@elomatreb

@lroop

We have BT, and I'm sick of paying so much just for 57M down and 17M up.

Gigabit is quite expensive, but there are government initiatives that can pay up to ยฃ2500 toward the coat of getting fibre to a business, or a community (minimum 10 people served)

I was considering the cost of approaching my local council to put forward the idea of a village-based WISP that could provide up to 100Mb to each home.

@GigaByte4711 my ISP is sky and they suck ass with servers / router rules

@GigaByte4711

I voted "yes", but I would prefer if "community" meant the city government.

A locally owned ISP business would be my second choice.

I'd be nervous of any neighborhood-run non-profit. I'd worry that it would be run by the same sort of people who want to be on an HOA committee so they can judge their neighbors.

@apLundell

I was considering the cost of approaching my local council to put forward the idea of a village-based WISP that could provide up to 100Mb to each home.

The idea of setting up a nonprofit for it might keep it out of the hands of people that like meetings, etc.

@GigaByte4711

I'm in USA, and I'm not sure if city councils fill exactly the same role in US and UK, but if the local city council set up an internet service, I would be the first in line.

If someone ran for a council seat on a "Local Internet For Our City" platform, I would absolutely vote for them.

@GigaByte4711
No, because anything that's community based always goes to shit.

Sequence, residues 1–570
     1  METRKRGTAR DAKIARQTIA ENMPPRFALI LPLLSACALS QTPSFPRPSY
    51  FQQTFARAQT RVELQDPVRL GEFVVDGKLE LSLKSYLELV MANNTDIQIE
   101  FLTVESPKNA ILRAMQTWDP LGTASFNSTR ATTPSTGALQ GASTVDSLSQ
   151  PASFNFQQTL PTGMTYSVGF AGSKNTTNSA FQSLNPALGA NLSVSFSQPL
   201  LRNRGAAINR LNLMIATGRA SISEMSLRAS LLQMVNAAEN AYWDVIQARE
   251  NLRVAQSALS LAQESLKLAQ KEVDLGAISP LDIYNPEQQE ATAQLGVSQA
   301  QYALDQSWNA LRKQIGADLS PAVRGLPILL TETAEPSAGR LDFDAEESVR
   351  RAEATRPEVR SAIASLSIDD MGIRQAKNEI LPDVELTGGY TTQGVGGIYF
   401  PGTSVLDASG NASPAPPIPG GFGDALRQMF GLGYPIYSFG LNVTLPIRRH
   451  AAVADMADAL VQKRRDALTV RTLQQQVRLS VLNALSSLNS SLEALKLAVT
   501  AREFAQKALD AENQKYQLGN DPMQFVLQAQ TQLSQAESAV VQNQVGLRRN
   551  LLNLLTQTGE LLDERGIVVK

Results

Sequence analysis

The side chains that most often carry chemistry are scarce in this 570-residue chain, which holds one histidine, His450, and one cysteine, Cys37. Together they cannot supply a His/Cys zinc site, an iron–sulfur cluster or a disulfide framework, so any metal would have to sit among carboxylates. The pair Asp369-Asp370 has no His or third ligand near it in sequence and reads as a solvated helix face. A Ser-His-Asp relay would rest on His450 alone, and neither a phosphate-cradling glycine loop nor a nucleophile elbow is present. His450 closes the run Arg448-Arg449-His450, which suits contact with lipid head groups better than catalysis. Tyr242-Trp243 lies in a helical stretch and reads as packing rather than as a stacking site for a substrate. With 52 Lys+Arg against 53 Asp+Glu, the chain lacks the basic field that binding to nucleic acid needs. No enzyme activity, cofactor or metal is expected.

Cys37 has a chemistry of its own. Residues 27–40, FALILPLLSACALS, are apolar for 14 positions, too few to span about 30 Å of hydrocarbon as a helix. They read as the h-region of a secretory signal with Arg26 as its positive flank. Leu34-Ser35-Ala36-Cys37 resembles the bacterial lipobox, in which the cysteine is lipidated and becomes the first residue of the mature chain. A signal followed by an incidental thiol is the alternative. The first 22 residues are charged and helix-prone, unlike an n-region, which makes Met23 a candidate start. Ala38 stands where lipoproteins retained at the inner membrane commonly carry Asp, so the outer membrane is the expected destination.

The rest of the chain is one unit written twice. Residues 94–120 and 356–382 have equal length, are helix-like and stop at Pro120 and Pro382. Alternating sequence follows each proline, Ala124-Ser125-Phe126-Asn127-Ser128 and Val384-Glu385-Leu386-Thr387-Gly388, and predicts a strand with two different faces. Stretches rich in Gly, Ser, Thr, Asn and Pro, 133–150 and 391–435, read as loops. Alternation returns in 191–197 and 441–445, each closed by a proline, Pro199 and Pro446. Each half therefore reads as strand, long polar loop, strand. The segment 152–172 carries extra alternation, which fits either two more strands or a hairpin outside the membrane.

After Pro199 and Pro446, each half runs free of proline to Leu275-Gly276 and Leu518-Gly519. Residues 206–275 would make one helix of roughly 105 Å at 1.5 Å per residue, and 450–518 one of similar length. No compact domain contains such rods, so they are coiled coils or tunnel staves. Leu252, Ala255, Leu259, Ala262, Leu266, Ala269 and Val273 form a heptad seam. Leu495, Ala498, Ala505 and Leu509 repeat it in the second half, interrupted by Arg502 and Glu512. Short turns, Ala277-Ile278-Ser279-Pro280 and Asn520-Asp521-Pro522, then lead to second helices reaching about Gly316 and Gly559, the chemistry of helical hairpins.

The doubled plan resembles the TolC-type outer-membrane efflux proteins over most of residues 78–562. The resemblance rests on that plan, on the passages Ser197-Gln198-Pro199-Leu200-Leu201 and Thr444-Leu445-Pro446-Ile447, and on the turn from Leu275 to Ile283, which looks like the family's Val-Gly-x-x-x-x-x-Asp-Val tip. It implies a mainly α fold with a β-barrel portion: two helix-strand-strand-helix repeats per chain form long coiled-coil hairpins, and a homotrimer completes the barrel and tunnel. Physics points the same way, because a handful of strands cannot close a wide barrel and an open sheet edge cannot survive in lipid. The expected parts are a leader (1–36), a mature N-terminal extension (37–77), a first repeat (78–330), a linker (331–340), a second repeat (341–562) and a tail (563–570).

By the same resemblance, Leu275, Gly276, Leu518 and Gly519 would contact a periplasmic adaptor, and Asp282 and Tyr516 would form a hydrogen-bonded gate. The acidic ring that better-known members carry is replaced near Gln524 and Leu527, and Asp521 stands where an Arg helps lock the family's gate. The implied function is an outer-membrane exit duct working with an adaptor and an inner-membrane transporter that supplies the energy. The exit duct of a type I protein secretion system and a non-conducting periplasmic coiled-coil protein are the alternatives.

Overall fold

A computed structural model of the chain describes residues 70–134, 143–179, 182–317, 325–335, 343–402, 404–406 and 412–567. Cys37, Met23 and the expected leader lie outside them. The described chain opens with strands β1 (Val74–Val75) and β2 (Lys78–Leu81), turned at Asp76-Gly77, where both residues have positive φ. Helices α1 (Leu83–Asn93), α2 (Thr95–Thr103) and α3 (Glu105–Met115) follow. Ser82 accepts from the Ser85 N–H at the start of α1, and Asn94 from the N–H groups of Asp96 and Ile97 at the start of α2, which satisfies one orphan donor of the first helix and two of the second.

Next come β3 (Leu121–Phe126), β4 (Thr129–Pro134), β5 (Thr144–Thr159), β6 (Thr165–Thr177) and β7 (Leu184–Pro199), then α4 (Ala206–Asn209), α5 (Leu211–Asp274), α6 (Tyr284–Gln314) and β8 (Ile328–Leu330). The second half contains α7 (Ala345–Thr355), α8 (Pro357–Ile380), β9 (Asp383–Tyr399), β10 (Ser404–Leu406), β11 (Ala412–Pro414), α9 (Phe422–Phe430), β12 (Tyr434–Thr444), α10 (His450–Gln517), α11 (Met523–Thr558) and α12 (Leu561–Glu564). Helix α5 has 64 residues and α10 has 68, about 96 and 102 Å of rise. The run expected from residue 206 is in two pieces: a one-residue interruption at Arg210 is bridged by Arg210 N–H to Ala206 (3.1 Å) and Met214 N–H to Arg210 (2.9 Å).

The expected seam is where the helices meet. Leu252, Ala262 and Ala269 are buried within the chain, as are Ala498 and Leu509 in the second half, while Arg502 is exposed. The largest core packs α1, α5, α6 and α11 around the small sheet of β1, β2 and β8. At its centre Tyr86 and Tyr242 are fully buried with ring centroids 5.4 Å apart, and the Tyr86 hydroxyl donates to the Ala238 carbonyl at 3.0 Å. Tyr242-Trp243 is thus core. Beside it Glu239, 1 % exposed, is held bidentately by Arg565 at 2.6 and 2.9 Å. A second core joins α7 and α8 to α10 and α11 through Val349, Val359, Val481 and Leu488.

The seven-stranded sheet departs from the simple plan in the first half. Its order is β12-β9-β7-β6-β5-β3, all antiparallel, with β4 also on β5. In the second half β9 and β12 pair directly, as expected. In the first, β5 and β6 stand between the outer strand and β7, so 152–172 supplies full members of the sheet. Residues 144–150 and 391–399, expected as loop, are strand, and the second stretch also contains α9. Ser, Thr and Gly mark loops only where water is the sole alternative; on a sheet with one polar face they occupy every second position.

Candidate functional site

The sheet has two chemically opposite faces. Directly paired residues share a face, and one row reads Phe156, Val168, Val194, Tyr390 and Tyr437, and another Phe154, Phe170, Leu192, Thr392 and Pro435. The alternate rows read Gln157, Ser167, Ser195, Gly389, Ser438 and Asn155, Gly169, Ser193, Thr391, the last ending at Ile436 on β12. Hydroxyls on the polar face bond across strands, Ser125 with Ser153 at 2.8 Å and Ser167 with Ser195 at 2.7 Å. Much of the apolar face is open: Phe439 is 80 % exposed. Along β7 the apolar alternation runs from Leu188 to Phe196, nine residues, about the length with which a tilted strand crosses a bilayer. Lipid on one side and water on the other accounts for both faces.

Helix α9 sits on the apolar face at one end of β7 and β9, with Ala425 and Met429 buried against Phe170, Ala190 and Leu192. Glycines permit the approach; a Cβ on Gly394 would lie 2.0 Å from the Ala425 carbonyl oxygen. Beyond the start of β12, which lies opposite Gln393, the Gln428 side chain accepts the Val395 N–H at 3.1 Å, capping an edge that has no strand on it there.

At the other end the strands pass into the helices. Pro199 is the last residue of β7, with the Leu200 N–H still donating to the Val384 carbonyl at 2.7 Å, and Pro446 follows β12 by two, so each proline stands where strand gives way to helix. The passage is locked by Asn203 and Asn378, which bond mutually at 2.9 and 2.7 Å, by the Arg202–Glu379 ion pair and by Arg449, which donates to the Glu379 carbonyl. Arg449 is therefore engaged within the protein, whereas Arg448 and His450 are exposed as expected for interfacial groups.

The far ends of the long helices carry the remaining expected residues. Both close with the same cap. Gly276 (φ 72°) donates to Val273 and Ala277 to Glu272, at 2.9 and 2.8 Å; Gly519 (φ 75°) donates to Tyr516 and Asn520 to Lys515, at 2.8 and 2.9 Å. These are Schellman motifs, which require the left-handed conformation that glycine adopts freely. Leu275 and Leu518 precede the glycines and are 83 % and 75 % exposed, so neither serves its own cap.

@GigaByte4711 what is a "community based ISP"? How does it work? How does it differ from a corporate ISP? Are there already some in existence? What are the users saying? I'm asking because I never knew such a thing existed (or might).

@GigaByte4711 i would do so even with lower speed as long as it is cheap and rather reliable ยฏ\_(ใƒ„)_/ยฏ

also symmetric up- and download-rates, and longlasting public ips!

@GigaByte4711 In fact, we already do use a community network โ€” KPUD in Kitsap County, Washington. They were the only ones who could bring us Internet after Comcast and CenturyLink both failed to bring any form of broadband to most of the county.

@GigaByte4711 Yes,absolutely.I don't think that my provider is that bad.Well,there are so many worse options.But after all it's still a for-profit company and if I get the same quality for not too expensive prices,I always try to support community projects.

caps 

@GigaByte4711
For me, all started as community ISPs.

We, as kids, connected using cables and cheapest switches. The cable sticking out of the window, going to roof, roofs connected by another cables.